A DOCTRINE OF SUSTAINABILITY continued

A DOCTRINE OF SUSTAINABILITY   continued

Gerould Wilhelm

 

IV. All places on the earth, along with the people who inhabit them, are unique to all others, this singular quality embodied in the Genius Loci.

Geronimo, the great Apache leader, looking back on his beloved western homeland from a prison at Pensacola, Florida noted:

For each tribe of men Usen created, He also made a home.  In the land for any particular tribe, He placed whatever would be best for the welfare of that tribe.  When Usen created the Apaches, He also gave them their homes in the West.  He gave them such grain, fruits, and game as they needed to eat . . . He gave them a pleasant climate and all they needed for clothing and shelter was at hand.  Thus it was, in the beginning: the Apaches and their homes each created for the other by Usen himself. When they are [separated from each other], they sicken and die.

This is the universal understanding of aboriginal peoples.  Children grow up in a place and become embedded in its “pattern language,” governed by its numinous guardians.  Even in today’s culture, the differences between urban, suburban, and rural people are clear insofar as their dispositions toward everything.  The contemporary trend to use standard approaches and off-the-shelf commodities because of the perceived cost implications born of “economies of scale,” tends to debilitate the sensitivities to local numinous guidance and shift to focus inward toward self-absorption and divorce from diversity and community.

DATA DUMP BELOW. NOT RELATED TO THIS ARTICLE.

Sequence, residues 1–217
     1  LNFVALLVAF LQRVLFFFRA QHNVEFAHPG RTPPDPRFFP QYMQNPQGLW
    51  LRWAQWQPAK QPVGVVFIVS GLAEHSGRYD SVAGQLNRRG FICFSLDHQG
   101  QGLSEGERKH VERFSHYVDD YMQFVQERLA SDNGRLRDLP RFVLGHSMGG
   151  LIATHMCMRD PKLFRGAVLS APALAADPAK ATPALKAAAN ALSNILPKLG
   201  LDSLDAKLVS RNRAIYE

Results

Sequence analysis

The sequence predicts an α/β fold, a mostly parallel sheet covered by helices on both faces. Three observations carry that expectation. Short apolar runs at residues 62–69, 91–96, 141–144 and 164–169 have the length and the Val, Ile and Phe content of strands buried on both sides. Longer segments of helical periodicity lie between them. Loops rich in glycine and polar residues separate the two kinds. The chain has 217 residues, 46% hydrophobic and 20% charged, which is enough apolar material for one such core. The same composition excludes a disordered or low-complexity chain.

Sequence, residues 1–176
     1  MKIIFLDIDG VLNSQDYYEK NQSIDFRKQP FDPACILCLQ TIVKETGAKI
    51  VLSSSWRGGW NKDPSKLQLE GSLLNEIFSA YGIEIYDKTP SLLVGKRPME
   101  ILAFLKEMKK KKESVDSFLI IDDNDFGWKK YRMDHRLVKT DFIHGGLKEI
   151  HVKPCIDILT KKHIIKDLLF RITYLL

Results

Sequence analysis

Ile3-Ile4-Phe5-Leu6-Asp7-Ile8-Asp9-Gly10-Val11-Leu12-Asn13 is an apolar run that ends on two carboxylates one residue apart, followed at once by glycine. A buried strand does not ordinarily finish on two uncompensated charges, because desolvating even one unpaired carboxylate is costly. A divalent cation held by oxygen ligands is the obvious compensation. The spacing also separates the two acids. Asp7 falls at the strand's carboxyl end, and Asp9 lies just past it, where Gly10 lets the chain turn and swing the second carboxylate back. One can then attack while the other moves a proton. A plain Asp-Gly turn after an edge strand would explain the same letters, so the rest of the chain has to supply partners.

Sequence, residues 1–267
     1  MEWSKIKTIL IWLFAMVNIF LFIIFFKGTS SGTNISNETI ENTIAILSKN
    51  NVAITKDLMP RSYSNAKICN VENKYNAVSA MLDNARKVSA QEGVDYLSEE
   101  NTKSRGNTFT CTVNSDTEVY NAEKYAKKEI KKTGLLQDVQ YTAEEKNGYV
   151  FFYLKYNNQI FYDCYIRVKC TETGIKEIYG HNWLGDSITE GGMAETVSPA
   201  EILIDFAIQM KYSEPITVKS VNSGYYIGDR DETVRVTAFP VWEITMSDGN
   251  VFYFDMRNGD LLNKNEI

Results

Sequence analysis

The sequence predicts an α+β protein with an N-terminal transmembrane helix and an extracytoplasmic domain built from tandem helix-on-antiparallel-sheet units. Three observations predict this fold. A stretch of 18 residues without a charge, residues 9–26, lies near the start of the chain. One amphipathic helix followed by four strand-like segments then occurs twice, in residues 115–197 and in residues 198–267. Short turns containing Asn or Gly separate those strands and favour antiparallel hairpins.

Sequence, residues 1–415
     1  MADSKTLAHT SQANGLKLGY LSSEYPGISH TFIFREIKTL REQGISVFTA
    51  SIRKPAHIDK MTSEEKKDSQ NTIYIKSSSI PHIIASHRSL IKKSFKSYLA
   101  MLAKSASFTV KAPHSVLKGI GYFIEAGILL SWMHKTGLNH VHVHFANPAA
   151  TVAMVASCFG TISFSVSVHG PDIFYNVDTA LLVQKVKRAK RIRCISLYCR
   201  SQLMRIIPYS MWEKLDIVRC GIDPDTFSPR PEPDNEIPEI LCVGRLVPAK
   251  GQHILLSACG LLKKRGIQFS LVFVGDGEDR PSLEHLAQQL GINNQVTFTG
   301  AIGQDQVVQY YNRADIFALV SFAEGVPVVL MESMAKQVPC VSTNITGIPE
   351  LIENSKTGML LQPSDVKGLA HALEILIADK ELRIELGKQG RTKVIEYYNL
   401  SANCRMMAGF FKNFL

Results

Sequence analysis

Here are at least 4 different environments all within Bluff Spring Fen:

The fen at Bluff Spring Fen with Prairie Blazing Star (Liatris pycnostachya)

 

Red Oak and Bur Oak Savanna  at Bluff Spring Fen

 


Bur Oak (Quercus macrocarpa) savanna on hill at Bluff Spring Fen

Gravel kame at Bluff Spring Fen with Stiff White Aster (Aster ptarmicoides).

Hoary Puccoon (LIthospermum canescens) on prairie.

Each place on earth, great or small, has its own geological, geographical, ecological, and cultural address or signature, like no other place on earth.

 

 

 

All Chicago-style Bungalows built in a row by the same builder in my neighborhood, each with its own unique touches.

Even in a tract subdivision, with four floor plans, eight elevations, and the same fixtures, the homes, within a few months of inhabitancy by a family, become unique to all others that have ever been or ever will be.  Even at that scale, a neighbor would feel as a guest in an erstwhile identical house, the singular qualities now quite distinct.  This has always been the Way of nature.  We tend to fight it, but it really is the

We would do better to discover it to begin with, glory in it, love it, and design to it.  Bigotry and intolerance for others would begin to diminish as each community came to respect the differences and beauties of the other.

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